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Political Animal

It's The Stupid, Stupid

By Brian Morton | Posted 5/7/2008

Can this season's news coverage get any dumber?

Remember that in just about every newsroom in America there are people called "editors." These "editors" make decisions about what you see, read, and hear. And the decisions these people are making--and almost exclusively at the highest levels of their respective forms of media (radio, television, and newspaper)--have been extraordinarily shallow.

So Jeremiah Wright is a buffoon. So what? If we're going to tar people by association, at this point wouldn't it be better to start with anyone who has walked out of Dick Cheney's office over the last seven years--except for the fact, of course, that according to Cheney, he belongs to no known branch of the U.S. government, and thus we aren't allowed to know who those people are. But I guarantee you that, aside from the people who listened to Wright's sermons, the preacher hasn't tortured anyone, has ruined no one's energy policy, has defied no subpoenas, and has told no one to fuck off on the Senate floor.

Nevertheless, we get nonstop coverage of this man for two solid weeks from major television, radio, and newspapers. And yet the worst of the lot, television, when confronted with the fact that they were complicit in disseminating Pentagon propaganda by using retired generals as paid shills for the Iraq war effort, has less to say about it than Bill O'Reilly on the difference between a loofah and a falafel.

Part of the problem is that modern news editors hate "policy," because "policy isn't news." But in times like these, it isn't hard to make a case that, yes, policy is news--but today's media is too vapid and too hard up for rapidly vanishing eyeballs to care. Four months in a row of job losses on the edge of recession calls for some sort of policy change (and the president is doing the Charleston trying to avoid saying the R-word). Gas prices are skyrocketing toward the $4/gallon mark, and two of the three presidential candidates are saying that cutting the gas tax--in effect, giving the money to the oil companies--is a great idea. This is a policy discussion, but if you think you'll hear Mr. Gotcha, NBC's Tim Russert, or ADD-man himself, Chris Matthews, give 15 minutes to a substantive explanation and discussion of the problem on network television, then I've got a collapsed bridge in Minnesota to sell you.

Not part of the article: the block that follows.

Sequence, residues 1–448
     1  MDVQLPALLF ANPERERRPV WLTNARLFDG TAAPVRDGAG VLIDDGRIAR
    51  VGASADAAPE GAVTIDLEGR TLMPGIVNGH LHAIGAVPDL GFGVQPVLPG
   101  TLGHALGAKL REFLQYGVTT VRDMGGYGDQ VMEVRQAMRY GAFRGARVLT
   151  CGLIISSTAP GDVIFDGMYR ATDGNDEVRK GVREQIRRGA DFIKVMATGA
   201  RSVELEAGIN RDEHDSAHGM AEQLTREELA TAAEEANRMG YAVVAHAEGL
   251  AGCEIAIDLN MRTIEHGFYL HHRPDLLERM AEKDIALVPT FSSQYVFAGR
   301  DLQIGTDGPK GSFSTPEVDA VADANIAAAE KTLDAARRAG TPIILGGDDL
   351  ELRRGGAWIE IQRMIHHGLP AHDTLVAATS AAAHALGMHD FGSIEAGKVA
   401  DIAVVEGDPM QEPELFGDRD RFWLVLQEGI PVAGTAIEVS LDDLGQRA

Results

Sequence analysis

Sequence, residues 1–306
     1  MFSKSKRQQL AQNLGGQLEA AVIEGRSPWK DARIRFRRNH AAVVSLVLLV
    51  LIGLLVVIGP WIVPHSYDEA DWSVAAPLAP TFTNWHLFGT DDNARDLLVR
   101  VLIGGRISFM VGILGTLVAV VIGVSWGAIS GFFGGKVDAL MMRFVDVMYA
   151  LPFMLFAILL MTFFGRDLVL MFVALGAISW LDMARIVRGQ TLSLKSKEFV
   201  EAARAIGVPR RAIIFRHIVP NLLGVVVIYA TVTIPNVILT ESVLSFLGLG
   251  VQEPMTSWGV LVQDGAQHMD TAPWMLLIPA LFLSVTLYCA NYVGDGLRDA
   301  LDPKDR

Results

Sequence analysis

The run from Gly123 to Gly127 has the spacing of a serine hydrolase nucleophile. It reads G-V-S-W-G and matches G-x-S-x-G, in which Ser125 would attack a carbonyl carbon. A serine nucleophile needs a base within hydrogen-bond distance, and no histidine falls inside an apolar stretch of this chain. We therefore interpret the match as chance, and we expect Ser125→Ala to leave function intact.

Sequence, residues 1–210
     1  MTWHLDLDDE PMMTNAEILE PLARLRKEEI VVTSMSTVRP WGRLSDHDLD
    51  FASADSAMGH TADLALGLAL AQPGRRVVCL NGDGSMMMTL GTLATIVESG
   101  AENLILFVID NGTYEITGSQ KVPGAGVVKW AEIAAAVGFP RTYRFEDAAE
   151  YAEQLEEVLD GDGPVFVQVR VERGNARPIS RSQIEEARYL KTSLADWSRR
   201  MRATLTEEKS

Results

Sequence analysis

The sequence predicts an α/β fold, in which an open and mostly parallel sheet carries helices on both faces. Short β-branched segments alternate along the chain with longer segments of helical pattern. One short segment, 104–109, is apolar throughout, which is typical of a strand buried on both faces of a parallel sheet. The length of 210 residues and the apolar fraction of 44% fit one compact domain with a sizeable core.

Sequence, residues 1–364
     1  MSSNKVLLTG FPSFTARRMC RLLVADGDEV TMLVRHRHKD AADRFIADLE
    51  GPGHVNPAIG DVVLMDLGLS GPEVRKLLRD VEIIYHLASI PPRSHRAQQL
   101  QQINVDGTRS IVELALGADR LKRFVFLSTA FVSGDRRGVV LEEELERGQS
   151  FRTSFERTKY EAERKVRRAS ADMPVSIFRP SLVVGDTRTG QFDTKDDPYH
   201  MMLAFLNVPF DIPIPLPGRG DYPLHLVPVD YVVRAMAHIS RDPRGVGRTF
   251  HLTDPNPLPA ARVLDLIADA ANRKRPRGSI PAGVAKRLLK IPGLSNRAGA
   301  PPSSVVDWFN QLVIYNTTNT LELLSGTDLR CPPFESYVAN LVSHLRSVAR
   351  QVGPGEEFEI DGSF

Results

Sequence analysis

This is the time of year when national political coverage of the Democratic looks like a bunch of kids in an elementary school running from one part of the playground to another any time someone yells "FIGHT!" Nobody cares how it got where it is; all they want to know is who's going to take the next swing.

In the meantime, John McCain coasts along on his "I Love Everybody 2008" tour, following the George W. Bush playbook of having lots of pictures taken of him with black people who would never vote for him in the first place, and whose concerns he would forget as soon as he takes the oath of office. It's the 2000 election all over again, and the campaign press is playing its part to perfection.

Has anybody mentioned that when McCain released his tax forms (after clamoring at the Dems to release theirs), he didn't release those of his wife? We all know how much the Clintons made in the last eight years--The Washington Post made PDF files out of all of them and ran them all across the top of its web page for two days, so anyone who wanted to could download and examine them at his or her leisure. But McCain's career has always been tied to his wife's fortune; as the heir to one of the largest Budweiser distributors in the country, Cindy McCain's money has helped propel her husband everywhere his ambitions took him. Literally--he gets to fly around on her company's private jet as opposed to a rented campaign plane. Is this "fair and balanced" coverage? If you ask John Kerry about how his wife got treated four years ago, I don't think he would say that it is.

Sixteen years ago, James Carville coined the phrase the Clinton campaign would ride to victory: "It's the economy, stupid." The point was to cut through all the vapid culture and personality bullshit that the media throws at a candidate in order to focus on what elections really are all about. Republicans love this stuff, because it allows them to avoid the tough questions about what their policies actually do (create deficits, hamstring regulation, create tax giveaways to the wealthy), as opposed to what they say they will do (grow the economy, shrink the government, expand "freedom").

Now it's the stupid that needs to be cut through. It's cheaper and easier to talk about the ravings of some South Side Chicago preacher than it is to discuss the economic reasons why lifting the gas tax for a month would only cause consumers to see pennies while the oil companies rake in billions. Stupid sells. Policy doesn't.

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